Violence erupted when the protesters demanded that MPs pass a law to recognise a World War Two nationalist group which opposed Soviet forces.
Fifteen policemen were injured and at least 50 protesters had been arrested, the Ukrainian interior ministry said.
Meanwhile, shelling in east Ukraine reportedly killed seven people.
Seventeen people were also injured when shells hit a funeral in the village of Sartana, near the disputed port city of Mariupol in Donetsk region, local officials said.
Pro-Russian separatist forces are active near Mariupol, which is under government control.
A fragile ceasefire has been in place since early September between government forces and the separatists, who control large parts of the Donetsk and Luhansk regions.
MPs did not vote to recognise the wartime Ukrainian Insurgent Army (UPA).
Most of the crowd has now dispersed.
Police used batons in the clashes and linked arms to protect the parliament.
At least one petrol bomb was thrown at the parliament building in the unrest and there are unconfirmed reports that some bullets were fired.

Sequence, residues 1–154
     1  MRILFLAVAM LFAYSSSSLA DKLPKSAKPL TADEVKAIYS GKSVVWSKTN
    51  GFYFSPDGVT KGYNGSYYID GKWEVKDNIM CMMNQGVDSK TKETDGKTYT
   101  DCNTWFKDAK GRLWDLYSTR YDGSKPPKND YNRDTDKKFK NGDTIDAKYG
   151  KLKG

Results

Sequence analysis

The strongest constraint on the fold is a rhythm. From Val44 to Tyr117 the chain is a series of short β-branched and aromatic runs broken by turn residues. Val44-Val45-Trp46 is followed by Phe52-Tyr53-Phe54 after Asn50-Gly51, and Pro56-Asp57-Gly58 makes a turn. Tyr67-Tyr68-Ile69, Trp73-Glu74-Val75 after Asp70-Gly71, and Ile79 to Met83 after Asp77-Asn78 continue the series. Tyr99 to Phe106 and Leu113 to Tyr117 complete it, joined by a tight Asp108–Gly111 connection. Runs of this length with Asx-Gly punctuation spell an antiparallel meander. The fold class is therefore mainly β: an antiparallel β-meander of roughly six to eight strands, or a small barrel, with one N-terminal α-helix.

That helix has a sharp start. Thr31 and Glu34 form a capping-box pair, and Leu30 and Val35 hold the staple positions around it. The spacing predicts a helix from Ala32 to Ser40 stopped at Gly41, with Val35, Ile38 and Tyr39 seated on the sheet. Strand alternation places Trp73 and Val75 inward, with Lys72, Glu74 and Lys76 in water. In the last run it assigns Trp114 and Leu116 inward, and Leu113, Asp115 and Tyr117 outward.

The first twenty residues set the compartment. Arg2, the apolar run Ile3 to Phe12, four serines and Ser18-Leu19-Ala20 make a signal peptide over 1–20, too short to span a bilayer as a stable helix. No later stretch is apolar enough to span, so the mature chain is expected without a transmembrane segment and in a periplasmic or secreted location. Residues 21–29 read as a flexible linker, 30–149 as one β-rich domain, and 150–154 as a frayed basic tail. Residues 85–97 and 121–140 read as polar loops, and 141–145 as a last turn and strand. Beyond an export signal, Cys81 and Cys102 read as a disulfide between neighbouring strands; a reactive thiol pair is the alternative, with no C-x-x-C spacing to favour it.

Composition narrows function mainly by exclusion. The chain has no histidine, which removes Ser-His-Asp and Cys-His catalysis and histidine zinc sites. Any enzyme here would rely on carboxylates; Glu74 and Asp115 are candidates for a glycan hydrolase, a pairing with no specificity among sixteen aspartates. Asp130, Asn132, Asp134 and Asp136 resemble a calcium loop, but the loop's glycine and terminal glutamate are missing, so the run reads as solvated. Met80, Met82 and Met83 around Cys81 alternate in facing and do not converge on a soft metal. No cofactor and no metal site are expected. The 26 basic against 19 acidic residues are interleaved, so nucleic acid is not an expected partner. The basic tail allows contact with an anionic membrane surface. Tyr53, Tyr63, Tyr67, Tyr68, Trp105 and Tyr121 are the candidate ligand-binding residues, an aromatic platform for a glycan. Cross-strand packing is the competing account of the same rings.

Reporting the injuries and arrests, interior ministry adviser Anton Herashchenko wrote on Facebook that "the clashes at the Supreme Rada [parliament] have just ended" and "the police used a degree of force allowed by law".
Among the many Ukrainian flags in the crowd there were also flags of the far-right Svoboda and Right Sector groups.
Both groups later denied that their supporters had been involved in the violence.
UPA members fought for Ukrainian independence in the war, but recognising their role is highly controversial, the BBC's David Stern reports from Kiev.
At times they were allied with the Nazis and are said to have carried out atrocities against civilians.
In Kharkiv, Ukraine's largely Russian-speaking second city, nationalists held a torch-lit rally on the main square on Tuesday evening, under far-right banners.
The event was meant to commemorate Ukrainian soldiers killed fighting the rebels in the east.
Tensions are mounting in Ukraine ahead of elections scheduled for 26 October.
There are some doubts whether Svoboda will pass the 5% threshold necessary to get parliamentary seats.
Source: BBC News Europe